But it’s unclear how she can stop Trump from clinching enough delegates to become the party’s presumptive nominee for the third time.

Senator Lindsey Graham, the Republican senator for South Carolina, complimented Haley while speaking to reporters at Trump’s election night party in Columbia but suggested it was time for her to drop out.

“I think the sooner she does, the better for her, the better for the party,” Graham said.

Trump’s political strength has endured despite facing 91 criminal charges related to his efforts to overturn his 2020 election loss to Biden, the discovery of classified documents in his Florida residence and allegations that he secretly arranged payoffs to a porn actress.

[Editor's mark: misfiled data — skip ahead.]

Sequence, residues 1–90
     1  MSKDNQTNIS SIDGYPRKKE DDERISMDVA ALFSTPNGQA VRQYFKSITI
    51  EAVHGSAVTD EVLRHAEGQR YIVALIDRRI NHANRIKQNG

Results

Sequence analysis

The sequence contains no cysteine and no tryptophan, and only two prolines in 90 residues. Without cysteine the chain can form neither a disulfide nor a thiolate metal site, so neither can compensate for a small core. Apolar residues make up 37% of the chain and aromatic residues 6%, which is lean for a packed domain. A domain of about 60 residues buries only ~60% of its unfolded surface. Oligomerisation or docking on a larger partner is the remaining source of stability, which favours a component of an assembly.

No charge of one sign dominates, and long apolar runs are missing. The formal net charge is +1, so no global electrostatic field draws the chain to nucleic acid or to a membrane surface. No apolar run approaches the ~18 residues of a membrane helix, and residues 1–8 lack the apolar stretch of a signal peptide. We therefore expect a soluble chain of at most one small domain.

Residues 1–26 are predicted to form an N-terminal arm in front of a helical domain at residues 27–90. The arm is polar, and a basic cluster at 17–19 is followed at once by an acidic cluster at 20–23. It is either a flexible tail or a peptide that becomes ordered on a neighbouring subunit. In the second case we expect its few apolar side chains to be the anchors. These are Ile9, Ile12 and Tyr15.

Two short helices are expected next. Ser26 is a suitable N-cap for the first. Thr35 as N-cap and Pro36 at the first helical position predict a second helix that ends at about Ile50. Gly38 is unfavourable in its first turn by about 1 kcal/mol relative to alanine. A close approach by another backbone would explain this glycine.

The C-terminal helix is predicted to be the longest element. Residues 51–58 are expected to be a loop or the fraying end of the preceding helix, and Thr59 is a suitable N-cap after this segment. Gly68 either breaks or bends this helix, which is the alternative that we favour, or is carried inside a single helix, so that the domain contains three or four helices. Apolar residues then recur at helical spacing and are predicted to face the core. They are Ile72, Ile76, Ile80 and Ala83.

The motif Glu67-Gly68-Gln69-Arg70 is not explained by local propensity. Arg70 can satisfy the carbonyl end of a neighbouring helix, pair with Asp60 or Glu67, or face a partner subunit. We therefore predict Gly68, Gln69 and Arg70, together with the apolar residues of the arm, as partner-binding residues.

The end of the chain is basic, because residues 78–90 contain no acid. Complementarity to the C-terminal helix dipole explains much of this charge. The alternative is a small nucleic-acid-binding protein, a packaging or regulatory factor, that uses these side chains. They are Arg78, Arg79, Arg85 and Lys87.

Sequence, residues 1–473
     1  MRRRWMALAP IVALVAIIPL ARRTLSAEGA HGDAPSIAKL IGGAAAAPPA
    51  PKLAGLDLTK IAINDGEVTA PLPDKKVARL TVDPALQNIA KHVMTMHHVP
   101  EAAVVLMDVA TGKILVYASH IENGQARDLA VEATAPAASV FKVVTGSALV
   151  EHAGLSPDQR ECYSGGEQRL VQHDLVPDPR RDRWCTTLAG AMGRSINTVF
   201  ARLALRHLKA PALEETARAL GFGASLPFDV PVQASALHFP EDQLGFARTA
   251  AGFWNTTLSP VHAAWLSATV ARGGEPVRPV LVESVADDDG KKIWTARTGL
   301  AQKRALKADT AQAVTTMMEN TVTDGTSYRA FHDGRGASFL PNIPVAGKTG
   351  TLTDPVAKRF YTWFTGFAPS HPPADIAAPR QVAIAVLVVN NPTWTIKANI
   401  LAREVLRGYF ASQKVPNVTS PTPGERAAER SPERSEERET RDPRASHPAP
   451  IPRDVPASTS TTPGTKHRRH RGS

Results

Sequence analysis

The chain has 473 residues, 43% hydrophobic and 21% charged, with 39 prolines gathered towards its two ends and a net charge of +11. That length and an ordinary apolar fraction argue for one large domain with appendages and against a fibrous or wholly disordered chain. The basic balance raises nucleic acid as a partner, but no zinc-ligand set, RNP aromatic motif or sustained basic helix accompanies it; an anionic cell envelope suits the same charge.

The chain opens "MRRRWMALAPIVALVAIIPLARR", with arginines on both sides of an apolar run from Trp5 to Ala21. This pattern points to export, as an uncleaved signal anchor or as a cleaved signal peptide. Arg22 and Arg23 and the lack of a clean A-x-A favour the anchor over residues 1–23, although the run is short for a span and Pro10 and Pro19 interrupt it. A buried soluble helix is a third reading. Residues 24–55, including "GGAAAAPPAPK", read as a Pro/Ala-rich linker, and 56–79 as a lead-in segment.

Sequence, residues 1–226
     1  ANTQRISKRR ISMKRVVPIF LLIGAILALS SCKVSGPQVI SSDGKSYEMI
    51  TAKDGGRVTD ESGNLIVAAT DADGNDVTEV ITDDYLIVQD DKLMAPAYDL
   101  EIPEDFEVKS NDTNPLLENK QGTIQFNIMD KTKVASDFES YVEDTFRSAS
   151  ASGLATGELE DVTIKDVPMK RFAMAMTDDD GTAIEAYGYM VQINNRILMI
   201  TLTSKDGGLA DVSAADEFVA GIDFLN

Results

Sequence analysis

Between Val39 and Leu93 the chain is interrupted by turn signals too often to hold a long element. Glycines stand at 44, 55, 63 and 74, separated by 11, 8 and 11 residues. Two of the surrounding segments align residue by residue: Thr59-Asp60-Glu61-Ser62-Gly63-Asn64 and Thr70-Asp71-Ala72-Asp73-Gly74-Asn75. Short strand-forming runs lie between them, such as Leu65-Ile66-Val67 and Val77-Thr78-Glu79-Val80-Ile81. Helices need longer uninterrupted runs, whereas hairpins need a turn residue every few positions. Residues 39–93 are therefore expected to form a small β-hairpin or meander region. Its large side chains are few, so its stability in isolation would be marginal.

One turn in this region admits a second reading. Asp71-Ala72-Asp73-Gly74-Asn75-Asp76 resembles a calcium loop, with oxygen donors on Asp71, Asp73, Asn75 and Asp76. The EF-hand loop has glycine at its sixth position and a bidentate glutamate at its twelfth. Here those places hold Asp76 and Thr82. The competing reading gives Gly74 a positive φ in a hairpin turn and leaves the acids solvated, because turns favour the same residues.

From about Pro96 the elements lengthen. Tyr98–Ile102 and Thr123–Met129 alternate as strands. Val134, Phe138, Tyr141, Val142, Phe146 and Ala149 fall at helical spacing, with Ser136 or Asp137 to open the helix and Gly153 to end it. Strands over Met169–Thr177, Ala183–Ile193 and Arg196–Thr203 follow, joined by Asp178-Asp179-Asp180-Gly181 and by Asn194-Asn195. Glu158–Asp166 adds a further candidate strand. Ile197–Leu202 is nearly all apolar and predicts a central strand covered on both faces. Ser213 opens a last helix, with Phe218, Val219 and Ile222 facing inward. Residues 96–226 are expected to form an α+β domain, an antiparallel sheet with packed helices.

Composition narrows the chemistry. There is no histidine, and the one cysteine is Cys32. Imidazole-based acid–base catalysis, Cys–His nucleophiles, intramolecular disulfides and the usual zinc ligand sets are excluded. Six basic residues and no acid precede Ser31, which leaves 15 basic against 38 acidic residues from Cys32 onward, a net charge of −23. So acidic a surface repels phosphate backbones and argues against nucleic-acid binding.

The former president’s first criminal trial is set to begin on March 25 in New York, where he faces 34 counts of falsifying business records related to hush money paid to porn star Stormy Daniels in the closing weeks of his 2016 presidential campaign.

Biden won South Carolina’s Democratic primary earlier this month and faces only one remaining challenger, Dean Phillips. The Minnesota Democratic congressman has continued to campaign in Michigan ahead of the Democratic primary there, despite having little chance of actually beating Biden.

Though Biden is expected to cruise to his party’s renomination, he faces criticism from some Democrats for providing military backing to Israel in its war against Hamas in Gaza. Some in his party support a ceasefire as the death toll in Israel’s war has reached 30,000 people, two-thirds of them women and children. The war could hurt the president’s general election chances in swing states like Michigan, which is home to a large Arab-American population.